WHO Fact Sheet on Avian influenza
Most avian influenza viruses do not infect humans; however some, such as A (H5N1) and A (H7N9), have caused serious infections in people.
Reports of highly pathogenic AI epidemics in poultry, such as A (H5N1), can seriously impact local and global economies and international trade.
Controlling the disease in animals is the first step in decreasing risks to humans.
Avian influenza (AI) is an infectious viral disease of birds (especially wild water fowl such as ducks and geese), often causing no apparent signs of illness. AI viruses can sometimes spread to domestic poultry and cause large-scale outbreaks of serious disease. Some of these AI viruses have also been reported to cross the species barrier and cause disease or subclinical infections in humans and other mammals. AI viruses are divided into 2 groups based on their ability to cause disease in poultry: high pathogenicity or low pathogenicity. Highly pathogenic viruses result in high death rates (up to 100% mortality within 48 hours) in some poultry species. Low pathogenicity viruses also cause outbreaks in poultry but are not generally associated with severe disease.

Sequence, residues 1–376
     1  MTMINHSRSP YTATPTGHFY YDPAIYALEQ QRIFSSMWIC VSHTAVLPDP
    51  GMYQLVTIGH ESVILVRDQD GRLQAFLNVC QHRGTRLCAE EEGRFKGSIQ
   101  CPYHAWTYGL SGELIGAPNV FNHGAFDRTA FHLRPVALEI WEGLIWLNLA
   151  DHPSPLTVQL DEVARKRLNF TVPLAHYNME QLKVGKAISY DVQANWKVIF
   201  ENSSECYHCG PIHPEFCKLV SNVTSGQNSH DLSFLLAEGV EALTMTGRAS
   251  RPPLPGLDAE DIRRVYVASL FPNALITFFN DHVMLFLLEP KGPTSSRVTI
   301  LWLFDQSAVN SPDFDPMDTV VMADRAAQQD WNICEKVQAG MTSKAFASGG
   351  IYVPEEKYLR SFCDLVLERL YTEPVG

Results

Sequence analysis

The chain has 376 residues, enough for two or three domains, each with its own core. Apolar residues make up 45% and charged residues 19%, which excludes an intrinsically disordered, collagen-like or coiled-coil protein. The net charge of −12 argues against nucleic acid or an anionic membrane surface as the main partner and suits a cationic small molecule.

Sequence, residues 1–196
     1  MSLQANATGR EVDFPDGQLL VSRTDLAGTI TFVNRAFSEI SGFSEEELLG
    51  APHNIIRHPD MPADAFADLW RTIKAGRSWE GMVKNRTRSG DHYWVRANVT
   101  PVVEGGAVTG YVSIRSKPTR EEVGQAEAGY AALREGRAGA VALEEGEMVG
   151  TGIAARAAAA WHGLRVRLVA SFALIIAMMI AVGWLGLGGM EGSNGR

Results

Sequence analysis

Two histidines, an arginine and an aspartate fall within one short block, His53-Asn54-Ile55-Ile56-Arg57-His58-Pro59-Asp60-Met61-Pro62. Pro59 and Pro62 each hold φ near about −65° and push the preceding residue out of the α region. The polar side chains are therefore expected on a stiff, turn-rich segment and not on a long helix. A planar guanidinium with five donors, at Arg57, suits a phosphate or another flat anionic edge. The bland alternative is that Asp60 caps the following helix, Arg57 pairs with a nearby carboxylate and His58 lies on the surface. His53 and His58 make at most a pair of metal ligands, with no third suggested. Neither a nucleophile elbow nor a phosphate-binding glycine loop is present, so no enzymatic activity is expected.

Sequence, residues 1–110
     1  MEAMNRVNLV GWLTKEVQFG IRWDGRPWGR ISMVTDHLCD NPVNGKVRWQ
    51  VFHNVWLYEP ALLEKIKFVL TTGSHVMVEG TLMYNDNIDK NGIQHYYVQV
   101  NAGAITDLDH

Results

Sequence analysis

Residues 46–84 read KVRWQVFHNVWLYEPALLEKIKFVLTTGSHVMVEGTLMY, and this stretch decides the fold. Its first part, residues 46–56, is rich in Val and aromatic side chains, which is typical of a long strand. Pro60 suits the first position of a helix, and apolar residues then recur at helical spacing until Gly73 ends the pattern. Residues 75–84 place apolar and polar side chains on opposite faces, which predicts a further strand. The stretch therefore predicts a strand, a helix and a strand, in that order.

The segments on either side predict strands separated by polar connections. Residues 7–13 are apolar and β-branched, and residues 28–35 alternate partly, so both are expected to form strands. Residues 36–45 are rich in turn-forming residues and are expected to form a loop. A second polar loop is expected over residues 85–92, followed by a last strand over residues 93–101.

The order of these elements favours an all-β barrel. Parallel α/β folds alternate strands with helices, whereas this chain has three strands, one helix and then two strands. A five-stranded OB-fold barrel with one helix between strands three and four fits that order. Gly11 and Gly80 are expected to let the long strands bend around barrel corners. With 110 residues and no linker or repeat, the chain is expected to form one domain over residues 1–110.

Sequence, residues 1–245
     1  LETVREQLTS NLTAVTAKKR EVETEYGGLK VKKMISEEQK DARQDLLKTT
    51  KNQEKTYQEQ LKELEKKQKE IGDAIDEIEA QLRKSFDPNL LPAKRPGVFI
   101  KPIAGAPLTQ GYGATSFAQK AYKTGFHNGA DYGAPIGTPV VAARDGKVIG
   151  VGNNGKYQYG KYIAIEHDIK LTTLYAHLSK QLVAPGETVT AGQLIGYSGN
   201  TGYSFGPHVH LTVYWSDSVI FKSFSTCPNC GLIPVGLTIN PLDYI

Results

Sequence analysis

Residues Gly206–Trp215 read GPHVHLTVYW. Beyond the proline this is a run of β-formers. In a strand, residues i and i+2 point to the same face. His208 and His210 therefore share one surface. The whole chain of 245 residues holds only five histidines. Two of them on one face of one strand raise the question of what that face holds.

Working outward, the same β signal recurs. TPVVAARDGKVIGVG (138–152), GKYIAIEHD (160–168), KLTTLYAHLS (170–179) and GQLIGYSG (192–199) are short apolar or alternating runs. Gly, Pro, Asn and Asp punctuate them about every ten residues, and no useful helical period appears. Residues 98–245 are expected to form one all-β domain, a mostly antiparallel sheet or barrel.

One feature seen in many patients is the development of lower respiratory tract early in the illness. Respiratory distress, a hoarse voice, and a crackling sound when inhaling are commonly seen. Sputum production is variable and sometimes bloody.2Complications of A (H5N1) and A (H7N9) infection include hypoxemia, multiple organ dysfunction, and secondary bacterial and fungal infections.3
Animal Nutrition And Health Products